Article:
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What happen afterwards? The estimated losses linked to the demise of Lincoln Savings and Loan eventually rose to $3.4 billion, making it the most costly savings and loan failure in U.S. history. In March 1991, after posting huge losses – approximately $1 billion in 1989 alone – most of Lincoln's remaining assets were sold to another financial institution by the Resolution Trust Corporation, which had been operating the savings and loan for more than one year. One month later, Lincoln's parent company ACC, filed for protection from its creditors under the federal bankruptcy laws. In late 1992, Ernst & Young paid $400 million to settle four lawsuits filed against it by the federal government. These lawsuits charged Ernst & Young with substandard audits of four savings and loans, including Lincoln Savings and Loan. In a similar settlement reported in 1993, Arthur Andersen paid $85 million to the federal government to settle lawsuits that charged the firm with shoddy audits of five savings and loans, including Lincoln. Finally, although Touche Ross served as Lincoln's auditor for only five months, that firm's successor, Deloitte & Touche, paid nearly $8 million to the federal government to settle charges filed against it for its role in the Lincoln debacle. In April 1991, Ernst &Young agreed to pay the California State Board of Accountancy $1.5 million to settle negligence complaints that the state agency filed against the firm for Arthur Young's audits of Lincoln. An Ernst & Young spokesman noted that the accounting firm agreed to the settlement to "avoid protracted and costly litigation" and insisted that the settlement did not involve the "admission of any fault by the firm or any partner.”13 In August 1994, Arthur Andersen agreed to pay $1.7 million to the California State Board of Accountancy for its alleged negligence in auditing Lincoln. Andersen personnel were also required to perform 10,000 hours of community service. Like Ernst & Young, Andersen denied any wrongdoing when its settlement with the California State Board was announced. In October 1990, Ernie Garcia pleaded guilty to fraud for his involvement in the Hidden Valley real estate transaction. His plea bargain agreement with federal prosecutors required him to assist them in their investigation of Charles Keating, Jr. In March 1991, the Lincoln executive who oversaw the sale of ACC's junk bonds through Lincoln's branches pleaded guilty to eight state and federal fraud charges that he had misled the investors who purchased those bonds. Two years later, Charles Keating III was sentenced to eight years in prison after being convicted of fraud and conspiracy charges.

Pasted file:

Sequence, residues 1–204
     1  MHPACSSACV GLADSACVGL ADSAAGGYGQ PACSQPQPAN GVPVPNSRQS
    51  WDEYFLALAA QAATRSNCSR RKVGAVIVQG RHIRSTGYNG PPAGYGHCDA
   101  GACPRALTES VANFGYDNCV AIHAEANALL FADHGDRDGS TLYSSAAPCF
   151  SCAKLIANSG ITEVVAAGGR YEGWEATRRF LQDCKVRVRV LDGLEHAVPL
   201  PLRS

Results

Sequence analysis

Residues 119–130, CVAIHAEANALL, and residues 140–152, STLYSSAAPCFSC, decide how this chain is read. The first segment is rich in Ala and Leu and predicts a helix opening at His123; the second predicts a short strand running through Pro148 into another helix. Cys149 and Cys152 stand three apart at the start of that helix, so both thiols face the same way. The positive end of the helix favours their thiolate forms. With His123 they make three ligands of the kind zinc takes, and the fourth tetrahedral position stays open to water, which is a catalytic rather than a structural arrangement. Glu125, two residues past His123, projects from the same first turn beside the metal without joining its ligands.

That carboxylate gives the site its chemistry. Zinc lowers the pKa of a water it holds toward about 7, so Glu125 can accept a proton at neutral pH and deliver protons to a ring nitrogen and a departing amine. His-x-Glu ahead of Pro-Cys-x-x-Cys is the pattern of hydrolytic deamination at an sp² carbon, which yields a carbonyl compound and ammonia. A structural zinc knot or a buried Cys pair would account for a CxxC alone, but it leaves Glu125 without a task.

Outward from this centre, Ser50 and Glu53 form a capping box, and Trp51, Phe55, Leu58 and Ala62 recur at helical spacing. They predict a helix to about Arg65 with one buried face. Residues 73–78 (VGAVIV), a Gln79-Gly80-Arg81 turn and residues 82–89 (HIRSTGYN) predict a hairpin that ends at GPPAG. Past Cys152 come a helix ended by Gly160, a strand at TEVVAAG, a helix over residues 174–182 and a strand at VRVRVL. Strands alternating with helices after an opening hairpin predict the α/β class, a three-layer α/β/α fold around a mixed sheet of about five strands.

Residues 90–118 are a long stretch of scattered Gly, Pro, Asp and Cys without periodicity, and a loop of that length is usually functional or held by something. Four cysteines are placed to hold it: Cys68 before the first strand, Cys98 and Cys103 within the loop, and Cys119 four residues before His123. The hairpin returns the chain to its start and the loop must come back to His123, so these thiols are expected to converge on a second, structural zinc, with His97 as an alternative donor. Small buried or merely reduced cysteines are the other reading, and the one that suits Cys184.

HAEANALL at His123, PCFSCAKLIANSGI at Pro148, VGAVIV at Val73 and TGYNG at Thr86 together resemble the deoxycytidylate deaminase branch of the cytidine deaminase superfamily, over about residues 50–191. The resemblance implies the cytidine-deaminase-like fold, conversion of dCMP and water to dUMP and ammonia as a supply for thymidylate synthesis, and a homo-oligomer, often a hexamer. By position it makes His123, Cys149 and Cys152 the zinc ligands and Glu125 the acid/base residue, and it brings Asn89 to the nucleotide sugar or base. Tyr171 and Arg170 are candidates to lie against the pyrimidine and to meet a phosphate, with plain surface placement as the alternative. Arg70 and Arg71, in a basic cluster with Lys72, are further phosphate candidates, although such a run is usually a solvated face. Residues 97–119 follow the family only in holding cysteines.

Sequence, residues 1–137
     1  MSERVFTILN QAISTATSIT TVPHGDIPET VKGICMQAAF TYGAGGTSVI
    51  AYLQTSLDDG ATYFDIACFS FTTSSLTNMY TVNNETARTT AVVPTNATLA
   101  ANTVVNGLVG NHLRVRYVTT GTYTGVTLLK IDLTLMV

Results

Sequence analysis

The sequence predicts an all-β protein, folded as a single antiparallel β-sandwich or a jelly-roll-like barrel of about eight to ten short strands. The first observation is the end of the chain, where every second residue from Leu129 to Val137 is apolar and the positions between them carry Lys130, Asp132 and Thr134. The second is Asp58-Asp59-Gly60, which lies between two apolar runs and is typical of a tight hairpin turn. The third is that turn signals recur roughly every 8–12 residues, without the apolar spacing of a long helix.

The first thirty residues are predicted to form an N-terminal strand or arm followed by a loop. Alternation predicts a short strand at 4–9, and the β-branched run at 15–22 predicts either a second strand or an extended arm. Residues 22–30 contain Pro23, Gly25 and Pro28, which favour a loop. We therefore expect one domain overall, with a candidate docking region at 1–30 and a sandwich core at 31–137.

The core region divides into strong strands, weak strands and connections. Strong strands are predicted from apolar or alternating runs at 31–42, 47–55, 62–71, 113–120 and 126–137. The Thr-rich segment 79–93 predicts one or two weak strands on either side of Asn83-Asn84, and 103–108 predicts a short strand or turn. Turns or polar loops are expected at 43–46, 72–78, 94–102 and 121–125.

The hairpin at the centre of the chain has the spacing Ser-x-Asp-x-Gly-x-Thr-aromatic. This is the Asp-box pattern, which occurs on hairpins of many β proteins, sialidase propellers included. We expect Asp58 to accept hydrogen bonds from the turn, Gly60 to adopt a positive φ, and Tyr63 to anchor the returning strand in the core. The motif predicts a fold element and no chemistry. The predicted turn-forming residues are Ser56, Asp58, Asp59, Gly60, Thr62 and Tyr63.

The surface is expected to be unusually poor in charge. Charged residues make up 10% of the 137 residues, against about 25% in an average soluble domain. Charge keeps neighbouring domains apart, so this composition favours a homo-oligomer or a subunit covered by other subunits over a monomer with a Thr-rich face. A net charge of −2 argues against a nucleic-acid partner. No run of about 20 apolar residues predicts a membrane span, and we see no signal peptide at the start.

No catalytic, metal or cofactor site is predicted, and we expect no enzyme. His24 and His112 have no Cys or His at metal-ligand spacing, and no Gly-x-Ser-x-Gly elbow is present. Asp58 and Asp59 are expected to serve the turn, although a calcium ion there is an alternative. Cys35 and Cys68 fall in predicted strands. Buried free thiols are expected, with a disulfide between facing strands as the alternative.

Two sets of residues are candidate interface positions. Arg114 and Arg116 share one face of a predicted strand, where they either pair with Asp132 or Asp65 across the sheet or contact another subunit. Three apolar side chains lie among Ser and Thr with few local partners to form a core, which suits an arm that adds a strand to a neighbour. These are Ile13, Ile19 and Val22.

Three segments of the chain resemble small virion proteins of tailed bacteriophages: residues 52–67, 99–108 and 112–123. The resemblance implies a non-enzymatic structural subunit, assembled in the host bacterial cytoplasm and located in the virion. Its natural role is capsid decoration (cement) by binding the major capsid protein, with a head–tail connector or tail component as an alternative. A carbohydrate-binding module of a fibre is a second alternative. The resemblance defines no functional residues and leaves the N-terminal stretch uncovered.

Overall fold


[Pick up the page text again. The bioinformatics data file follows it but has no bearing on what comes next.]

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"E &Y Pays $1.5M in Lincoln Failure:' Accounting Today,13 May 1991,1,25